I worked on airbag system crash sensors in the late 80's and early 90's. These were MEMS sensors and the engineering gulf between the automotive guys and the IC/sensor guys was amazing!
I am very happy to see the technology adopted so widely (even if by law) these days and knowing my 21 year old, who used to sleep in his stroller on Sunday while I was at work trying to make sense of sensor failures will always drive a safer car as a result!
I've never been in an accident where airbags have deployed, but I have seen them in salvage yards after deployment, and in the classroom in their undeployed state.
In 1989, I took a GM training course on SIRs (Supplemental Inflatable Restraints). I learned a lot, and at that time, GM was using solid rocket fuel contained in a wafer-shaped disc about 3" in diameter and 1/2" thick for the driver's airbag in the steering wheel.
Several asked the instructor if one could be deployed, but we were denied repeatedly. Apparently the sound and mess was not something they wanted inside the classroom or training center, which was understandable. They did show us some videos, however...
I wonder what type of fuel is in the airbags of today.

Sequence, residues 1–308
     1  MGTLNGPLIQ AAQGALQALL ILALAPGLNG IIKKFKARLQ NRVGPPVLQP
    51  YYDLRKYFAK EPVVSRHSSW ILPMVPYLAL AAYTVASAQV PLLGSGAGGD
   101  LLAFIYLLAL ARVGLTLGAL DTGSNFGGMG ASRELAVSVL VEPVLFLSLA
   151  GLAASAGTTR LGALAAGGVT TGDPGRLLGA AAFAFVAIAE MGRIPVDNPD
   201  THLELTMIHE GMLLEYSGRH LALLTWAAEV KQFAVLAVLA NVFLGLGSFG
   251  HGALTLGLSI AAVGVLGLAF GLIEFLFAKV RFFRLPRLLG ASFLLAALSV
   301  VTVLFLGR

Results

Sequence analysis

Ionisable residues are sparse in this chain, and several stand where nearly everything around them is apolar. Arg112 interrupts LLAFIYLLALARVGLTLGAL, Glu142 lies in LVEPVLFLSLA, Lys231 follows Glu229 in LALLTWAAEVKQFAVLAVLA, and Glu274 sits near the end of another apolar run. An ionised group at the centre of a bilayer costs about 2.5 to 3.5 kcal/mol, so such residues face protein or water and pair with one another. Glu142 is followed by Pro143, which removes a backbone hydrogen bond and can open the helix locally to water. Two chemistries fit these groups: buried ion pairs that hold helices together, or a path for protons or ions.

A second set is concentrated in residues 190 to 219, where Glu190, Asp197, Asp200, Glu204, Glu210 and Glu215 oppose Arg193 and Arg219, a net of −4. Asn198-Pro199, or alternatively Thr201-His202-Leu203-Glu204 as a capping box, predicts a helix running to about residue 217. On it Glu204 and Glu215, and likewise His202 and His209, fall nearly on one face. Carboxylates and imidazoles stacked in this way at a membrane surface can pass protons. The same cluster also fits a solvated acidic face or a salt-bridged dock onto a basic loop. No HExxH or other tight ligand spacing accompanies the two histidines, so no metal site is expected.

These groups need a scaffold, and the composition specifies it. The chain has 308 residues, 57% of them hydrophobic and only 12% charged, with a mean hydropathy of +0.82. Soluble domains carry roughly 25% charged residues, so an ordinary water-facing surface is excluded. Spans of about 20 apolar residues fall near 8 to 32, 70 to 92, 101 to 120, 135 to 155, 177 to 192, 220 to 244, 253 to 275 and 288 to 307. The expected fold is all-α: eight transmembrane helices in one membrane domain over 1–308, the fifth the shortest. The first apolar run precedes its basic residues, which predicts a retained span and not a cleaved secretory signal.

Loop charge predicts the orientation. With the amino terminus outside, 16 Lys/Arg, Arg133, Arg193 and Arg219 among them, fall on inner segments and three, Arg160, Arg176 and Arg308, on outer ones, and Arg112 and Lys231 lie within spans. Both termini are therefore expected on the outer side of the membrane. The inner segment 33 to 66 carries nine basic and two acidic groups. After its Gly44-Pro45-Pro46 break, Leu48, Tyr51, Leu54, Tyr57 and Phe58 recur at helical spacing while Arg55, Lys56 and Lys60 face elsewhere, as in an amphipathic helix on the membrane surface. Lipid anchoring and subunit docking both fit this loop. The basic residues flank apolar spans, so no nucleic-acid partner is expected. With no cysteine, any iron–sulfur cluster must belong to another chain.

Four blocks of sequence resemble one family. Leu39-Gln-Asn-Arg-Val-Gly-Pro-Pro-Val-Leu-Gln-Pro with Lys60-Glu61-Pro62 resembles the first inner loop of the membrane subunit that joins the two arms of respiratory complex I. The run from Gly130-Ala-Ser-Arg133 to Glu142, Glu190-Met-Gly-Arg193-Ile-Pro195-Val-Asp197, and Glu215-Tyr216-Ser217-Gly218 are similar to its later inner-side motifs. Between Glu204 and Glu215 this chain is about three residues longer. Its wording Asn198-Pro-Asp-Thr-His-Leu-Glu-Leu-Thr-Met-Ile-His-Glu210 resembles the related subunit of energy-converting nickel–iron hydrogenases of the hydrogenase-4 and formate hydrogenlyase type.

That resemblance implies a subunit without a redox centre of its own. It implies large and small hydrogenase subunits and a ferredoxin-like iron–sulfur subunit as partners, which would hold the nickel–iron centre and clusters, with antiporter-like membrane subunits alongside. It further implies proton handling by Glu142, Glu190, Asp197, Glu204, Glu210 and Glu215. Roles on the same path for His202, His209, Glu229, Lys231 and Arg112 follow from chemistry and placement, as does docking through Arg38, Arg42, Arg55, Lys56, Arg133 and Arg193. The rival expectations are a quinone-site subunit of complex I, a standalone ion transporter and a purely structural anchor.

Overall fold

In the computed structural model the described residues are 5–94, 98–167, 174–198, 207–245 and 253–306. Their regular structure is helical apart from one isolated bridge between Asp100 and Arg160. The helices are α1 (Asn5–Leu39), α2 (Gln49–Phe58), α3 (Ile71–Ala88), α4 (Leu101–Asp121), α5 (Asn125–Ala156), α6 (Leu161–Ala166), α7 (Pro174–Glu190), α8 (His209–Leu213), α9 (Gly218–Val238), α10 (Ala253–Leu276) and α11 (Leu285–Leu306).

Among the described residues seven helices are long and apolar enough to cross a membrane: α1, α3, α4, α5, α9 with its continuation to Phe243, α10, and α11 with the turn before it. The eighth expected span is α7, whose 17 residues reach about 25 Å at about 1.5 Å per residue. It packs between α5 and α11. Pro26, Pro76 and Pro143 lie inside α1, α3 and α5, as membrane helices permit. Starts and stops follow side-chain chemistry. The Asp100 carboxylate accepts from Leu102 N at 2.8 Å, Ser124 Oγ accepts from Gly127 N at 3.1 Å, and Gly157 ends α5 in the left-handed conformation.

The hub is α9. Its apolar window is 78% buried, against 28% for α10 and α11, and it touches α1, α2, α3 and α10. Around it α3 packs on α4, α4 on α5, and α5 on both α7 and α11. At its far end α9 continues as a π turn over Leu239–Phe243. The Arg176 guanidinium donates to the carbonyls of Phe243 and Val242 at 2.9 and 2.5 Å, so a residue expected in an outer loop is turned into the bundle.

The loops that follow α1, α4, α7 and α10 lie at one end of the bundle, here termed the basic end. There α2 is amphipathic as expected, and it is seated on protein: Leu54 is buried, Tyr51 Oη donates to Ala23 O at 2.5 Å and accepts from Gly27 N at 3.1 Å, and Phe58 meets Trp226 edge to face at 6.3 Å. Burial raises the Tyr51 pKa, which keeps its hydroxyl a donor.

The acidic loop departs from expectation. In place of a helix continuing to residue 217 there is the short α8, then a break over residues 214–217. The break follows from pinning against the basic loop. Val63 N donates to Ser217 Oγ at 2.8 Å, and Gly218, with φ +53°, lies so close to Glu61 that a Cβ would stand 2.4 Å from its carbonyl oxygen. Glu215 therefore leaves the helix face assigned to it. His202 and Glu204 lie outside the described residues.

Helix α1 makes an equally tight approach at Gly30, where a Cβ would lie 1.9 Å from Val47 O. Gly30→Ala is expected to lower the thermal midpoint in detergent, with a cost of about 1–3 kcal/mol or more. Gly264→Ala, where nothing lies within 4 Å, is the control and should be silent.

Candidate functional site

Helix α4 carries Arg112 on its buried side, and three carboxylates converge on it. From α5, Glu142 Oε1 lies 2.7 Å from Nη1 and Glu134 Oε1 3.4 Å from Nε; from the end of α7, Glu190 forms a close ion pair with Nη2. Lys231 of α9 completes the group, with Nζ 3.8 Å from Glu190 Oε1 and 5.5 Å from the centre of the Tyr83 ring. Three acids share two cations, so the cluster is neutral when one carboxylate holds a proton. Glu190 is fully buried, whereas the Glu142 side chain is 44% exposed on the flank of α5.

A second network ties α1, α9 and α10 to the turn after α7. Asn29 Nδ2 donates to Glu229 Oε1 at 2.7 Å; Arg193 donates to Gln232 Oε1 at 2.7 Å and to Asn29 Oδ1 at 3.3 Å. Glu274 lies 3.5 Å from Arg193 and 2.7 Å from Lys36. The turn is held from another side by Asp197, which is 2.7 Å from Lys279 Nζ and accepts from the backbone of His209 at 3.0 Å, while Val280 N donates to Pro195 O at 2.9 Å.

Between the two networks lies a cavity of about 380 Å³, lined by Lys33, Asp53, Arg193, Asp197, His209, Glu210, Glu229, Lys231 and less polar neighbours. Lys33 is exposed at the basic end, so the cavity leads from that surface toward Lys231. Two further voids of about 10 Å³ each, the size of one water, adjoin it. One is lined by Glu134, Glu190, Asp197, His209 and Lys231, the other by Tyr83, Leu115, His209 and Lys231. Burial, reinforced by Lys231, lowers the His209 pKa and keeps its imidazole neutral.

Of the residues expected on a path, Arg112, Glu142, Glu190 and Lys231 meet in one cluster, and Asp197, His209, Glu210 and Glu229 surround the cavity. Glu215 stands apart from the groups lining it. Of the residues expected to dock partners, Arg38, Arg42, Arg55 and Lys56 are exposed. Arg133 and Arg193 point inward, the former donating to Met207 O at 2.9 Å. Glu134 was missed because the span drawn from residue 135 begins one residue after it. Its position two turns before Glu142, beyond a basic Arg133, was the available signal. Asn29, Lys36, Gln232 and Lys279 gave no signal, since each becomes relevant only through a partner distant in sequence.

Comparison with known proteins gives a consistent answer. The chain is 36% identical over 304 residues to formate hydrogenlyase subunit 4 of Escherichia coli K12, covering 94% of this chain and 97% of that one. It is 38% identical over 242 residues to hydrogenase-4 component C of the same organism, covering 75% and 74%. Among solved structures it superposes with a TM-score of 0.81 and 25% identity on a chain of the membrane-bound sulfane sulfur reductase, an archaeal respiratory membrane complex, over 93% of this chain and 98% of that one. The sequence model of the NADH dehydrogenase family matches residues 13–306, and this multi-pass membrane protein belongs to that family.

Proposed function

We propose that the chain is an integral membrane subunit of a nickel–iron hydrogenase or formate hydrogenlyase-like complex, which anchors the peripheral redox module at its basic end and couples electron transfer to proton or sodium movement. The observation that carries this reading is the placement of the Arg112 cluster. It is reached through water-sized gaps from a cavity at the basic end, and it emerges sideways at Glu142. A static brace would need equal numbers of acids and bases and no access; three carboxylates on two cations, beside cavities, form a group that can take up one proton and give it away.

Airbags have always been obsolete. It is not just that they are dangerously explosive and expensive, but that they don't work as well as permanent passive devices. Permanent harness or padded restraints not only are cheaper, but work multiple times, and don't have any of the dangers, such at knocking the driver off the steering wheel. A padded frontal restraint could be lowered each time you get into the vehicle, just like on an amusement park ride. That would not only save millions in costs, but tens of thousands of lives. Each seat should have its own padded permanent retraints. It is a matter of time before the public realizes how dangerous air bags really are.
When I was on the extrication team on my Fire Department we had an opportunity to sit in a vehicle model and have an airbag inflated in our faces. There is no mental method to properly prepare you for the inflation! Seat Belts and Air Bags have made vehicle crashes much more survivable, if only people would use them. Inadvertant deployment of air-bags was and remains a significant danger to Fire Department personnel. Imagine an air-bag inflating while a Fireman is leaning across the passenger seat trying to assist in extricating the driver! Self driving/accident avoiding cars cannot replace a well trained, dilligent driver. An accident, as defined as an unavoidable occurace, very seldom happens. Automobile crashes are mostly caused by driver inattention and poor judgement. A periodic review by drivers of Newton's laws of motion should be mandatory. Thank you, and good night!
bob from maine, you've added an interesting and important perspective to this discussion. I agree about diligent, trained, and I might add awake and alert and not DUI, drivers. OTOH, while hearing about the dangers of accidental airbag deployment I haven't thought of what could happen to rescue personnel in that event.